my team had some of that. I would set up cones ahead of time for drills before practice, and someone would have them in their mouths, or would be kicking them or having a cone throwing contest with another child. Generally someone always kicking the ball in the goal while someone else was getting their own ball out of the goal, and that person would start crying after getting nailed and be out of the first 15 minutes of practice.
For fall season I'm going to put one parent in charge of
1. pre-practice goal management (make sure no one stands in the goal and gets hurt if I'm collecting money or doing some other administrative duty, or someone else can just be in charge of the administrative stuff. I tried getting my wife to do admin stuff, and she stopped coming to practices.)
2. a bench mom/dad. instead of having 2 assistants, I'm going to have 1 assistant coach and 1 bench mom/dad. I don't need 2 parents thinking they need to help coach, someone needs to make sure I can substitute players in, rather than saying "what happened to my subs?" "he went to the bathroom." "where's my other sub?" "he's on the other teams bench, he says he was traded." "he wasn't traded, telling him to put his own shirt back on and give the other player a break, everyone is waiting."
Using multiple goals will mitigate this problem. Not possible in every circumstance, I realize, but it does help.
I was thinking of doing a game called "scrimmage with attack goalies"
basically, the goalies play defensive mid-field, and are allowed to attack the goal when they have possession, but when they chase a forward down, they can jump on the ball in the penalty box. I had a goalie or 2 that felt paralyzed when the ball was only a few feet away because they believed they were not allowed to leave the box, a few times it lead to a very good goalie getting scored on. (I told them a few times, but by game time they forgot)
Or if you use multiple goals in a SSG, always have one more goal than defenders. Or make the goals really wide so it's ineffective to campout in front of it.
As for the other, play with a "sweeper-keeper"
That's a good suggestion about making really wide goals for SSG's to prevent "camper-outers". That is a problem I've always had with SSGs...I've always a few girls that want to be lazy and just hang back and block the goal and boot it forward. It requires constant monitoring by myself as coach to get them moving in support offensively. Mostly just due to being winded and a lack of conditioning as well as lack of confidence in dribbling skill, but the wide cone goals is another way to fix that (and making the ones who like to camp out, to play up as forwards for a few minutes. Although in a very well played SSG (3-5 players), positions / zonal play really doesn't exist if they are doing it right with lots of give & goes and such.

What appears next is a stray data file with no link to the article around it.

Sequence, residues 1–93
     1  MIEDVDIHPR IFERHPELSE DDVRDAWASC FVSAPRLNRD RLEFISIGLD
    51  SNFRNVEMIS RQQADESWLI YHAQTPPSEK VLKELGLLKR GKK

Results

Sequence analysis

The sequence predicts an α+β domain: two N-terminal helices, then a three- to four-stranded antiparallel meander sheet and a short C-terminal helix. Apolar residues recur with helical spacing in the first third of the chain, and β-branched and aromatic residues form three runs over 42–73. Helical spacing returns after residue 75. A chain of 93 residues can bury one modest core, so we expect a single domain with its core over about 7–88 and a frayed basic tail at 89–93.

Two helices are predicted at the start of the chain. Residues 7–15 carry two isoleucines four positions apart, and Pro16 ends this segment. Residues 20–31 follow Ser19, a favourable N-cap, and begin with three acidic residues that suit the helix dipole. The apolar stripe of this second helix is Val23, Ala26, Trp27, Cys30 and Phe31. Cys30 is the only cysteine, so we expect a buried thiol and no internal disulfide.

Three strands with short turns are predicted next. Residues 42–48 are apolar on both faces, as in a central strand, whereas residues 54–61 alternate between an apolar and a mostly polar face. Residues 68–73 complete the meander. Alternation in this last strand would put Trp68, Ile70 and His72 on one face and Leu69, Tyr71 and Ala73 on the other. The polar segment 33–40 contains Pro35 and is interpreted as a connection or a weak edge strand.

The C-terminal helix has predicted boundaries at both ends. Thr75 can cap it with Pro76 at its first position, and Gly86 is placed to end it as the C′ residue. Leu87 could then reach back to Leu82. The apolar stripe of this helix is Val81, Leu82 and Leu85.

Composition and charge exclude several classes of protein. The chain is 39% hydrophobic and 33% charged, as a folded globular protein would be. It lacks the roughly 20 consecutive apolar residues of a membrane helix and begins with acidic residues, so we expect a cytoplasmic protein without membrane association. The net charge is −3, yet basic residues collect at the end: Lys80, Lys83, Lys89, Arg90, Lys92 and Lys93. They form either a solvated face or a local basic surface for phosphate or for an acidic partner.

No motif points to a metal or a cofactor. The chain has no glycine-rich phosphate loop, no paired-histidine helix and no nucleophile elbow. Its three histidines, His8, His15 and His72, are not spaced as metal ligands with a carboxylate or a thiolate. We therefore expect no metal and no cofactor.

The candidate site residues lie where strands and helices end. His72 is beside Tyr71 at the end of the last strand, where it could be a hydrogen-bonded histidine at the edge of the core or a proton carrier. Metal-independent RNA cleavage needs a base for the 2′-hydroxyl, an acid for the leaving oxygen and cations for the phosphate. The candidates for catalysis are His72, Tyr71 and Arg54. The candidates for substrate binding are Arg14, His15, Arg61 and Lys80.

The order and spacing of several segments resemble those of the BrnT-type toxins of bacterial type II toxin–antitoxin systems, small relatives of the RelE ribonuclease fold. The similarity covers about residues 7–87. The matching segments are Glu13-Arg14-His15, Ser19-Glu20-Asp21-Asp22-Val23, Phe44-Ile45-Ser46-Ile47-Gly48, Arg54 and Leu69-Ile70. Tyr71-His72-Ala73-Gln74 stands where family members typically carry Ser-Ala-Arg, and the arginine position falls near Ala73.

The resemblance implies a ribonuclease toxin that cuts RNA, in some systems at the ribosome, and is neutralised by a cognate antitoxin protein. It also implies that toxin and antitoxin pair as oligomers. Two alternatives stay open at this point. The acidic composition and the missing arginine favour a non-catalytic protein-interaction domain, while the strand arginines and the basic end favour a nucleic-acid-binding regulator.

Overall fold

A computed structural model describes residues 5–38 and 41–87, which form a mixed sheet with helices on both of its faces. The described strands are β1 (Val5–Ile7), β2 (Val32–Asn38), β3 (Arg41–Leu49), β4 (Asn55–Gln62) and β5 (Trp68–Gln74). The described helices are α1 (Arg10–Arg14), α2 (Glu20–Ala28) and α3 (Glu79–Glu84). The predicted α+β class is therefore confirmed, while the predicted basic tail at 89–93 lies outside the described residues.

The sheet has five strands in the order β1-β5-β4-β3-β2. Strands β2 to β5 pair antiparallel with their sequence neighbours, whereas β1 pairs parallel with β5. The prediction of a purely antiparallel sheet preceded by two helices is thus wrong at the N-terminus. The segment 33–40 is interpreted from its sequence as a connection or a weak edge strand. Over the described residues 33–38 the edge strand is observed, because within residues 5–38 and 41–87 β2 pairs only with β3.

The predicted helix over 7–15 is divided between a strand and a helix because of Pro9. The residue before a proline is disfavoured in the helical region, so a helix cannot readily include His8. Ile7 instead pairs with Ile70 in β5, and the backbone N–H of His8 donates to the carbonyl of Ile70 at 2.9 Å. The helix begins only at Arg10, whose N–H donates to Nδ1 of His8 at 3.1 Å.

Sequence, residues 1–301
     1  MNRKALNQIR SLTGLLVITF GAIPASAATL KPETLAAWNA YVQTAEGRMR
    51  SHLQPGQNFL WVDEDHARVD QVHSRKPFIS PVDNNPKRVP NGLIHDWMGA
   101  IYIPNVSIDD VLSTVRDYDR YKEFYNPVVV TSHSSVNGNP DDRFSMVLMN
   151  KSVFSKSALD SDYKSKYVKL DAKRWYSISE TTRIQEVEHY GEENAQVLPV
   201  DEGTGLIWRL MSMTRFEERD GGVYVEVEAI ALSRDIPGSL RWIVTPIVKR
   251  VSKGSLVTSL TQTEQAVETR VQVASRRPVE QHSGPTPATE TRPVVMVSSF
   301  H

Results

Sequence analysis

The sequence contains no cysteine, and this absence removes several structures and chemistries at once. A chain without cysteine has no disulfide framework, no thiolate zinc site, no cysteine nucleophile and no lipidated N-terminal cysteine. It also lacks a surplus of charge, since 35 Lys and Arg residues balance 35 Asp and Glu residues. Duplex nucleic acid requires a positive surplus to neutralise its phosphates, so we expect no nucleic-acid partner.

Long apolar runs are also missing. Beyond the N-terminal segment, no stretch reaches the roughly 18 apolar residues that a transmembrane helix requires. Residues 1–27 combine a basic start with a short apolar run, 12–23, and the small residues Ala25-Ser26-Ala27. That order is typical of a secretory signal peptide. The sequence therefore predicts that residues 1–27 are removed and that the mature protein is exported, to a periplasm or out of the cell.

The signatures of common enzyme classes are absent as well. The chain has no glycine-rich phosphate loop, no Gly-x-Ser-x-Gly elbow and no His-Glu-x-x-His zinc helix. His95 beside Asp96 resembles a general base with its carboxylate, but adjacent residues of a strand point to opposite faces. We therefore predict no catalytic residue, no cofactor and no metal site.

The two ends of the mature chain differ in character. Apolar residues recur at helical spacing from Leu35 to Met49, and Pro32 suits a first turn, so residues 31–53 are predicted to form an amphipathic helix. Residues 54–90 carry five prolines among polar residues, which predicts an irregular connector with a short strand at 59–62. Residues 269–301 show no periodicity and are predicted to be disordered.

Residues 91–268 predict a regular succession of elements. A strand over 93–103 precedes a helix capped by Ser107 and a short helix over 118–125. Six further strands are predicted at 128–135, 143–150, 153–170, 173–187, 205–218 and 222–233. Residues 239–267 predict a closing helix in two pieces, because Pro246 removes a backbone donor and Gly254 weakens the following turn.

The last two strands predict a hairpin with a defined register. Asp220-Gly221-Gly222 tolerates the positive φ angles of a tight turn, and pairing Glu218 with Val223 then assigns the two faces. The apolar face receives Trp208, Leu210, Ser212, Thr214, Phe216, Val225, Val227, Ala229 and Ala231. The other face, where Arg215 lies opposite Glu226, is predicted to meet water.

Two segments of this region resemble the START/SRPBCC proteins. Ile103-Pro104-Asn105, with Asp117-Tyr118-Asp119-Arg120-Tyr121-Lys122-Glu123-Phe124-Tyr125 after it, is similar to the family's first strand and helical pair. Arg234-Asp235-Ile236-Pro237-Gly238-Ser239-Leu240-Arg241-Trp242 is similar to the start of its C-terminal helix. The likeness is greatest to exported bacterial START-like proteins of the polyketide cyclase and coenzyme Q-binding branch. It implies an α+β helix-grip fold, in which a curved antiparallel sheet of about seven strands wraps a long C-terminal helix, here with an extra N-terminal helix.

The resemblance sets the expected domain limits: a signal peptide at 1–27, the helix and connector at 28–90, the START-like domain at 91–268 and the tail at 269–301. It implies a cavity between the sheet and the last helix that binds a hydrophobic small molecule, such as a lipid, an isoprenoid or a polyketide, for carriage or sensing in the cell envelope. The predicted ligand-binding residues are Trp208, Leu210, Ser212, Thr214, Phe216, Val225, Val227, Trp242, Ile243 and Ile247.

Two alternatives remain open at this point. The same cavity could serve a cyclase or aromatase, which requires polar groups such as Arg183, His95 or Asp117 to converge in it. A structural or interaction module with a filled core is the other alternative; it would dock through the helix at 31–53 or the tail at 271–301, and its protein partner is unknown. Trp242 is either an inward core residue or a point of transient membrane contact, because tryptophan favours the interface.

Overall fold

Another way is to keep the goals small (1-2 yards wide), but still award a goal if it hits the "camp-outer".
Play with 3 goals for each team. Make the field, say, 20 yards wide. Assign full-time keepers. GK has to guard all three goals BUT must play behind the goal. To stop shots she can step through the goal. As you can imagine, the GK must sprint laterally to protect her goals. This type of game encourages field players to move the play side to side to "outrun" the GK.
It's exhausting for GKs, so now there's one less place for them to "hide".
You can also play an SSG with two 5 yard end zones -- no goals. Score by completing a pass to a teammate in the end zone. Opposing team cannot enter the end zone they're defending. Keeps defenders covering the entire width of the field, and also good for attacking players with off-the-ball runs, finding space, and getting ahead of the player with the ball instead of even or behind them.
Also, you can simply moves your goals back 5-7 yards off the goal line. Even if the defenders are inside the six, they're still about 10 yards away from the goal mouth.
Just play ghost or everyone's a striker.
In ghost you play a normal soccer game, but only one player on each team can score, the ghost. The coach assigns the ghost for each team, so you can assign those players who want to be lazy.
For everyone's a striker, it's a normal game. Once a player scores, that player cannot score again until everyone on their team has scored.
You'd think so, but then again, this is rarely the case for adults. I've always wonder why.
Reminds me of trying to have our kids do the "flying V" from hockey's Mighty Ducks movies. In fairness, the kids were enthusiastic and really wanted to try it out. Failed when opponents just stood in the middle of our group that was waiting for the throw-in and we didn't close a circle but just bunched up.
Excellent point - hadn't considered that the competitive side of stuff can ruin results.
A good reason why they should get rid of indirect free kicks. What's the point really, when someone else just needs to touch it for a second?